In the second study [Nat. Commun. 7, 11898 (2016)] lead by Sebastien Corde from LOA, the scientists have investigated the dynamics and interaction of an electron beam with self-produced plasma. In this case, the plasma is directly generated by the ionization of a gas by the electron beam itself. When the beam travels through a high-ionization-potential gas (such as argon), as in the reported experiment, the conditions are expected to be strongly unfavorable for plasma acceleration and very small gain of energy (sub-GeV) was anticipated. Instead, surprisingly large energy gains, up to 27 GeV, were experimentally observed, in disagreement with expectations.
The results have revealed two key phenomenons that are taking place and make this very high-field acceleration possible. First, the beam undergoes self-focusing: its beam size is rapidly reduced and then maintained at its minimum value so that the beam becomes very dense and can drive high-field plasma wakes (see figure). Second, such a beam does not undergo continuous head erosion, because the particles at the head of the bunch have very low divergence and they provide an onset of ionization sufficient to provide guidance for the rest of the beam.
These unexpected and surprising results provide a more complete understanding of the interaction between beams and plasmas, which will certainly guide future optimizations of beam-driven plasma accelerators.
S. Gessner et al., Nat. Commun. 7, 11785 (2016) - http://dx.doi.org/10.1038/ncomms11785
S. Corde et al., Nat. Commun. 7, 11898 (2016) - http://dx.doi.org/10.1038/ncomms11898
2016 E. Fabre prize awaeded to J. Faure
The prize “Edouard Fabre 2016” for contributions to the physics of laser-driven inertial confinement fusion and laser-produced plasmas has been assigned to Jerome Faure, LOA. The Prize is especially addressed to researchers in full activity, within about 15 years after obtaining their Ph.D.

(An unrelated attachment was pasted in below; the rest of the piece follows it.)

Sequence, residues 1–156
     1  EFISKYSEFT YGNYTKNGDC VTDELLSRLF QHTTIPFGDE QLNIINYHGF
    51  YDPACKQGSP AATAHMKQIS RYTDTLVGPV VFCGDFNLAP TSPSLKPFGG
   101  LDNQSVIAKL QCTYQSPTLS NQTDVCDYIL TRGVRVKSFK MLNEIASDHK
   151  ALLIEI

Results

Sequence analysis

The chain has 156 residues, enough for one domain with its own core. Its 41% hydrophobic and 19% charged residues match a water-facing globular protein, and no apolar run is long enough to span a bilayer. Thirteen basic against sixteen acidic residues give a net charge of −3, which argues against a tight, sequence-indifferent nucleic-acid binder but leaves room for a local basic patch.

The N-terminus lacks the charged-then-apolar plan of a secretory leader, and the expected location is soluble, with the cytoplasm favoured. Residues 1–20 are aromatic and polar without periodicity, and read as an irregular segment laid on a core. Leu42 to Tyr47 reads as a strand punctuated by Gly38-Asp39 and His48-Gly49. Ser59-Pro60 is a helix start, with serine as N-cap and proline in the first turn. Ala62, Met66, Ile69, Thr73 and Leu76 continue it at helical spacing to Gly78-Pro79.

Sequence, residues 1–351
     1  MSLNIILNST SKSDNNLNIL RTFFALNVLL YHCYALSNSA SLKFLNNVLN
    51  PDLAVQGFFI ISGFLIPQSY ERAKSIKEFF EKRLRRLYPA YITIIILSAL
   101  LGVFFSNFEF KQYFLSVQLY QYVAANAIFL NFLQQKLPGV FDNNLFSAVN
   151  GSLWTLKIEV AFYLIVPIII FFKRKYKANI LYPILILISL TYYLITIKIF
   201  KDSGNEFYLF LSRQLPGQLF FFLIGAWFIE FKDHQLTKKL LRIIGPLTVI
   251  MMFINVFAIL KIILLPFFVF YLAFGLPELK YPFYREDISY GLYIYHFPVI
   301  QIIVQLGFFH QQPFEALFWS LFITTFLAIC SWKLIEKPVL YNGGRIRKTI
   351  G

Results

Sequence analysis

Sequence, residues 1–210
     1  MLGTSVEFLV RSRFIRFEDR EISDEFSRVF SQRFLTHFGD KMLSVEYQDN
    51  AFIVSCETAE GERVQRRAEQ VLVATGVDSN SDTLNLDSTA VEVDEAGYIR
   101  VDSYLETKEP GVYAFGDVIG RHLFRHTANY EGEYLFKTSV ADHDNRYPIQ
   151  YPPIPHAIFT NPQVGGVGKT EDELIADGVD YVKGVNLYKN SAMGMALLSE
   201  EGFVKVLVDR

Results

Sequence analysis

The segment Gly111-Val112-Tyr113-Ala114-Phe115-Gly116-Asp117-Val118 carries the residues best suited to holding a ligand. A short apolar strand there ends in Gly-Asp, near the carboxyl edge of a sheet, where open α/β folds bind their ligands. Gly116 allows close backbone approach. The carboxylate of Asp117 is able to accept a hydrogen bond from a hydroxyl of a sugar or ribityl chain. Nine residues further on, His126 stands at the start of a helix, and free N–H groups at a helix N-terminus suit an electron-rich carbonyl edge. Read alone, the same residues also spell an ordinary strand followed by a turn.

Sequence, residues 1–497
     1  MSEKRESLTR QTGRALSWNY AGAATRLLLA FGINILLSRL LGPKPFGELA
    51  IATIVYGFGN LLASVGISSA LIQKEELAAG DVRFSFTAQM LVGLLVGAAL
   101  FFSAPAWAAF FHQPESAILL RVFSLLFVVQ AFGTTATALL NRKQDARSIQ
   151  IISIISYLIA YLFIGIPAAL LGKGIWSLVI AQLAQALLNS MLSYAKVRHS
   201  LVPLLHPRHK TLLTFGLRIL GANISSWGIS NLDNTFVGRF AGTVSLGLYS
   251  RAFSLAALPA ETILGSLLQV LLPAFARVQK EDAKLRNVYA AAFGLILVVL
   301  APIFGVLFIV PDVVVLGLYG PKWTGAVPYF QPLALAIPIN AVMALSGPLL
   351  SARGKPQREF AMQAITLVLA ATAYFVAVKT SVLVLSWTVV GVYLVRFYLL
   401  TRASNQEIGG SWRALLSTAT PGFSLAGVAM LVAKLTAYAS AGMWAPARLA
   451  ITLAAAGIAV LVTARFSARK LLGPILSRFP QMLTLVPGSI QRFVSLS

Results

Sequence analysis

In 2003, J. Faure obtained a CNRS position at Laboratoire d’Optique Appliquée where he performed remarkable experimental work in developing laser-plasma accelerators, demonstrating the possibility of using laser-plasma interaction to accelerate electrons in extremely short distances and producing high quality electron beam. In 2012, he got an ERC Starting grant to produce with a kHz laser system, femtosecond electron bunches and to apply them for the study of ultra fast phenomena using electron diffraction with femtosecond time resolution. In parallel Jerome Faure teaches quantum physics and statistical physics as Associated Professor at Ecole Polytechnique. He is now a CNRS research director and the head of the APPLI research group at LOA (Application of ultrafast sources to solid state physics).
more information here
First ENSTA-ParisTech MOOC
- February 9th, 2016 - The first MOOC of ENSTA-ParisTech was posted on February 4, 2016 in FUN, the French e-learning platform. Davide Boschetto, researcher at LOA laboratory, offers a first course on the Introduction to Quantum Physics. 5 days following its launch, more than 600 e-students have already registered. The course will start April 25th, 2016. FUN includes more than 50 partners in France and around the world, among with ENSTA-ParisTech.
Vacuum laser acceleration of relativistic electron
- December 21st, 2015 - Two teams from CEA LIDYL and Laboratory for Applied Optics (LOA) at ENSTA-ParisTech - Ecole Polytechnique - CNRS were able to demonstrate for the first time the vacuum acceleration of electrons to relativistic energies by an intense laser beam. These results are published in Nature Physics (december 2015). This observation shows that it is possible to take benefit of the very strong amplitudes of the electric field of femtosecond laser pulses that are used today to accelerate high-energy particles over short distances.
By concentrating the light over periods of femtoseconds (10-15 s) durations, the laser pulses can reach very high instantaneous light powers (~ 1 PW or 1015 W) and hence extremely high amplitudes of the associated electric field (~ 10 TéraV/m or 1013 V/m).
Like the large sea waves off the coast that can not move ships, this oscillating field can not accelerate at very high energy charged particles. But like the surfer who is at first providing speed on its own to catch the wave and then continuously enjoy its slope, the injection of relativistic electrons in the laser beam (with a speed very close to that of light) can theoretically enable its acceleration, taking the full advantage of extremely high electric fields associated with the ultrashort laser pulse.
Many teams around the world have tried to demonstrate this phenomenon, without being able to provide convincing proof up to now. LOA and LYDIL researchers show that the interaction of the laser pulse with a solid target (plasma mirror) provides the ideal electron injection conditions. Electrons have been accelerated to about 10 MeV energies over a distance of 80 micrometers. This experiment paves the way to realize ultra-compact electron accelerators of very high energies.